Why I'm Staying


stayingBy Diana Matthews

[dropcap background="no" color="#333333"]T[/dropcap]he day after the election, I had four calls booked with screenings hosts. At the time those appointments were made, I had assumed I would be feeling very differently than the emotional state I found myself in that morning.

I got home at around 4am after having been at the Javits Center in Manhattan where Hillary Clinton was set to take the stage. Under the glass ceiling of the convention center, she was to give her victory speech, symbolically shattering the roof above us.

Even now, it hurts to think about.

Of course, we found ourselves in a very different position than the one we had prepared for when the chairman of Hillary for America sent everyone home in the early hours of the morning, ensuring us that the final results weren’t in, and it wasn’t over ‘til it’s over.

An hour later, Donald Trump was celebrating his win. And it was over.[divider type="white" spacing="10"]

[dropcap background="no" color="#333333"]W[/dropcap]hen I woke up on November 9th, I was reeling. The light outside was eerie, as if it was threatening to rain and I felt like my apartment had shrunk; I was craving a cocoon of safety and a barrier from reality.

As it turned out, my calls that day were all with Canadians who were looking to screen Dream, Girl. It was an incredible cross-section, events in the works from St. John’s, Newfoundland all the way over to Kelowna, British Columbia. The election was top of mind for all of us, as you would expect, but every person I spoke with offered me optimism and hope. As I chatted with them about their screening plans, I was buoyed up for the duration of the calls by their excitement, vision and forward-thinking positivity.

Inside, my heart was broken.

The final blow came as sat on my couch, wrapped in a blanket, and watched Hillary Clinton give her concession speech. She was passing the baton, the responsibility, to women and girls across the country to make the definitive crack in the glass ceiling. I wanted to lift my arm and receive it but the heaviness was overbearing.

Wiping away tears, I saw a text from Erin and a missed call from Komal. The text read, “I’m heading into the office” and when I called Komal back, she told me we’re launching a free week for the documentary.

Slowly but steadily, I got ready and made my way to the subway and into the office. I felt like the Tin Man after Dorothy oils his joints, awkward and uncoordinated at first but then energized to move into action.

Komal and Erin already had a plan sketched out on the whiteboard when I arrived and we spent the rest of the afternoon sending emails, writing copy and finally, uploaded the film to our website.

The sadness was palpable but the work pushed us to act.

Dream, Girl was officially online for free, a gift to our tremendous community who were hurting and scared. It was our contribution to facilitating the healing process we knew we were all about to undertake.

The next day, our team came into the office to a flood of Facebook notifications and messages in our inboxes. Words of support, encouragement, vulnerability and love. It was incredible to see everyone come together at a time when it would’ve been so easy to fall apart.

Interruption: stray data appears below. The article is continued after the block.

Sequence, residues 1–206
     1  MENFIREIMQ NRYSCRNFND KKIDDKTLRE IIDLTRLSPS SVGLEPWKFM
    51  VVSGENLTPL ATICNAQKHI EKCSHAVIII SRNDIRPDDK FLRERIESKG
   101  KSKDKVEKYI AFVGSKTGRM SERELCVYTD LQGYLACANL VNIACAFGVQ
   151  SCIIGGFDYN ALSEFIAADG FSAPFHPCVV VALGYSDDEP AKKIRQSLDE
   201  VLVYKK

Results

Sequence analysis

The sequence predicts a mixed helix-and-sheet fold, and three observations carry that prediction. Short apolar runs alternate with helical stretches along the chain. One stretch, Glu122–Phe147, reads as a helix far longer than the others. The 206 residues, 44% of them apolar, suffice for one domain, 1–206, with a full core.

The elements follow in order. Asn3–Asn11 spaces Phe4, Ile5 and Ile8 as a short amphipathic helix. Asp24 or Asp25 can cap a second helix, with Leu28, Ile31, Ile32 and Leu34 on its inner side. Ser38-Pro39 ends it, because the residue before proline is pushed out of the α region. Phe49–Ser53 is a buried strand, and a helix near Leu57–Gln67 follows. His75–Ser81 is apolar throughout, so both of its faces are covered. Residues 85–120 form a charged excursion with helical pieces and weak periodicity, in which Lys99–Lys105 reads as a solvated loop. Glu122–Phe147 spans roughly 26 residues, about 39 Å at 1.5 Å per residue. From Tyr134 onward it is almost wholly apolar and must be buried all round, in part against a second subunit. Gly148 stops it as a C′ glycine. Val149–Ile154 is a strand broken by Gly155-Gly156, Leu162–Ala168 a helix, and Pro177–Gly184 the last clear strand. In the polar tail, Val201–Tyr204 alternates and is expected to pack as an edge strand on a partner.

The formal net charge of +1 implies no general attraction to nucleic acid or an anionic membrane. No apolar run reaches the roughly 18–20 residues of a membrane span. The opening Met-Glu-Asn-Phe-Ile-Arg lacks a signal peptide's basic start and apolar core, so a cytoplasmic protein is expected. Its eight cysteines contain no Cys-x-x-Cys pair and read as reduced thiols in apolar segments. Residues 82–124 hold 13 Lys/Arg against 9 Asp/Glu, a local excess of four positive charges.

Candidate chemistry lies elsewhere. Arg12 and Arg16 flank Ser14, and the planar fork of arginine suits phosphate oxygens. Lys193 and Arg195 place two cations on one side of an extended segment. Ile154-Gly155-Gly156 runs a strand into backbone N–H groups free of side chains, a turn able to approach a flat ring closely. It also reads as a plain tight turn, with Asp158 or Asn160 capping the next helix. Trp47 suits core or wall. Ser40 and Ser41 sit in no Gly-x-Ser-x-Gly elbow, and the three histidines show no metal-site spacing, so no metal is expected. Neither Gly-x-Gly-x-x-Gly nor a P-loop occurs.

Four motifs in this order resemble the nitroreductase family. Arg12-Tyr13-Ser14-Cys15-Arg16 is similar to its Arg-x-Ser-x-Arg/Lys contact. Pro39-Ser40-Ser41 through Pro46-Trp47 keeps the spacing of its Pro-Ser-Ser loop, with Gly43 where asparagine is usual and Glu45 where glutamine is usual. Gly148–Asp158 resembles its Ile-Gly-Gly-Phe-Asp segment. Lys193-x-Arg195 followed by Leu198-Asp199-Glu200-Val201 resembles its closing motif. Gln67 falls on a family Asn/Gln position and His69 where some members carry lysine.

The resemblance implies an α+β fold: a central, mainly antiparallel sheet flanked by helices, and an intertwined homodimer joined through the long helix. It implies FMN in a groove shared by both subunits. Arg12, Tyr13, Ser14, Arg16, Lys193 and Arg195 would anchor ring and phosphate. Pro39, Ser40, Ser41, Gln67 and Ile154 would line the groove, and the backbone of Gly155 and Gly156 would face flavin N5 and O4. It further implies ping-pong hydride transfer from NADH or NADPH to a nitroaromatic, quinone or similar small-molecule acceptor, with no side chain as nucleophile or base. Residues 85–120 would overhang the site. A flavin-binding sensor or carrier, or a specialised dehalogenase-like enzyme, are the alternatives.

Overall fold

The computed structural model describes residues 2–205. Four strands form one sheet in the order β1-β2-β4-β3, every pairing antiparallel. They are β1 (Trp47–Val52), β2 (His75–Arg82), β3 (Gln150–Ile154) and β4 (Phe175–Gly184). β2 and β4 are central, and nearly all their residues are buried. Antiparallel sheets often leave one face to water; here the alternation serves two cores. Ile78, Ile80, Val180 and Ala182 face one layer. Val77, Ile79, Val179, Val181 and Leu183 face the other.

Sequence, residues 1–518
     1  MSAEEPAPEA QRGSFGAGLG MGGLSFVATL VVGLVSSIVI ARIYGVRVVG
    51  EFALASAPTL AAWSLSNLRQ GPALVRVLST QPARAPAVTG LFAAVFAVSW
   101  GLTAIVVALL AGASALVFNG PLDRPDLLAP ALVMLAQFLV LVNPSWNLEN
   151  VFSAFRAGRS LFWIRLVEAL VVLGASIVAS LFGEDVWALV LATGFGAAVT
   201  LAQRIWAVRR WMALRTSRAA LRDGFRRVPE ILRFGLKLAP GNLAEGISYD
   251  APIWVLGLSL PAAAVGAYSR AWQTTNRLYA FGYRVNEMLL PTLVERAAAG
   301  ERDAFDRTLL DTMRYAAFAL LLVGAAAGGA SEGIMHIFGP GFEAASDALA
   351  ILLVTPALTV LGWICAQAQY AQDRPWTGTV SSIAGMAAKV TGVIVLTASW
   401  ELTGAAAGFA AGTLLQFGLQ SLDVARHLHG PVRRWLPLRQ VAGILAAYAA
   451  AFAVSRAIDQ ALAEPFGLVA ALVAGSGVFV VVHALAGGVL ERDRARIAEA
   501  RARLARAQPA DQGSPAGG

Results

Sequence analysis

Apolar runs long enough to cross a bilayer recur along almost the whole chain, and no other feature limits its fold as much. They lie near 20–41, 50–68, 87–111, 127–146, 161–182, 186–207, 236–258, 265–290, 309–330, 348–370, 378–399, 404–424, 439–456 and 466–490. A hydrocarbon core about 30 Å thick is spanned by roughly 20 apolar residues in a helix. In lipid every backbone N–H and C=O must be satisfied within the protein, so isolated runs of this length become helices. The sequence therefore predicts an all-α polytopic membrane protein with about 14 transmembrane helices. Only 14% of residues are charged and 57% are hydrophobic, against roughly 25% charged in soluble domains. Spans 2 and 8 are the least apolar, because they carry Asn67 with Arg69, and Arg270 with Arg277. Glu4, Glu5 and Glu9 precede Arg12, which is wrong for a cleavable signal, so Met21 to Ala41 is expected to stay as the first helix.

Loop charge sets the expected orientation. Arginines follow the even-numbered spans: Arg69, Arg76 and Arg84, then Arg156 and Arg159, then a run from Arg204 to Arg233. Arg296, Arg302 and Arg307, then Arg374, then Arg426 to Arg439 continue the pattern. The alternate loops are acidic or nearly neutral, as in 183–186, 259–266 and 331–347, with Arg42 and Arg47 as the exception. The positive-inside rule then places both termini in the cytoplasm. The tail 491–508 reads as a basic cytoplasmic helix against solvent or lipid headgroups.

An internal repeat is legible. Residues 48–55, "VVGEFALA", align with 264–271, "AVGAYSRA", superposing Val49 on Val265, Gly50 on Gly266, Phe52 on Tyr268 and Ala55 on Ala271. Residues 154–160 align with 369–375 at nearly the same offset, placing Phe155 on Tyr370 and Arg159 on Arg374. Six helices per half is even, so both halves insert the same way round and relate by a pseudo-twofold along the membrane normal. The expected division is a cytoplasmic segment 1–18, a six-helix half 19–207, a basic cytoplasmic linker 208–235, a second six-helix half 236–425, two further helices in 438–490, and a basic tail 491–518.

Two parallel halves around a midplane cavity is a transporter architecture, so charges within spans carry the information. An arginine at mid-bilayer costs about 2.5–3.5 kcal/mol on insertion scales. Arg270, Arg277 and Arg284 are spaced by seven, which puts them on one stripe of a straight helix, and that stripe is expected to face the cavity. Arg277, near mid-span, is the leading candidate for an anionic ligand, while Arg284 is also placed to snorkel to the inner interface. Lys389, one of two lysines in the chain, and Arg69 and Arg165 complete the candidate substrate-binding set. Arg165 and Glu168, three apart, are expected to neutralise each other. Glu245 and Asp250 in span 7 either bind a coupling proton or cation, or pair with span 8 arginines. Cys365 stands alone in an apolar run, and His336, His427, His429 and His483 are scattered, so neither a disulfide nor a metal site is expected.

I called my first screening host of the day and immediately heard her sadness. We talked about fear, shame and uncertainty and offered each other the space to be honest about where we were at. When I told her I was Canadian, she asked if I was going to move back home. I told her no, that I was committed to staying and continuing the work I believe in and she replied, “Thank you, thank you so much for staying.”

It was a strange moment. I was at a loss for words and struggled to process the sincere gratitude she was expressing to me for not turning my back and retreating. It made me realize that unlike so many people, I have a very easy way of not being present for the next four years.

But I choose to say.[divider type="white" spacing="10"]

[dropcap background="no" color="#333333"]U[/dropcap]nlike many people who promised to move to Canada if Trump was elected, I never made it an option. Sure, I thought about how difficult it would be to stay if he were president but I never considered packing up my things and moving back to Calgary.

I had a conversation about it with my mom a few weeks ago. She told me, “Your role and presence will become even more important if he wins. It is where you need to be to create meaningful change, no matter who sits in the Oval Office.”

It wasn’t an option to go home and it never was.

I am devastated by the new reality we find ourselves in. But I am resolved, now more so than ever, to authentically embody my values and beliefs and fight for that which I know to be right. The empowerment of women and girls globally is my life’s calling. And the protection and proliferation of our rights is at a critical level of importance.

I stand with my team, my friends and sisterhood, and the incredible men in my life who have come to my side as allies with their words of encouragement to keep going and work harder for a future we all so desperately wish to realize.

Over 11,000 people from around the world watched Dream, Girl during the free week. The community response has brought our team through this dark moment and when I say the words of support and connectivity were our reason for getting out of bed in the morning, I’m not exaggerating.

Kate McKinnon said it best when she opened SNL as Hillary Clinton singing ‘Hallelujah’ by Leonard Cohen: “I’m not giving up, and neither should you.”

I am where I need to be. I am here, with you.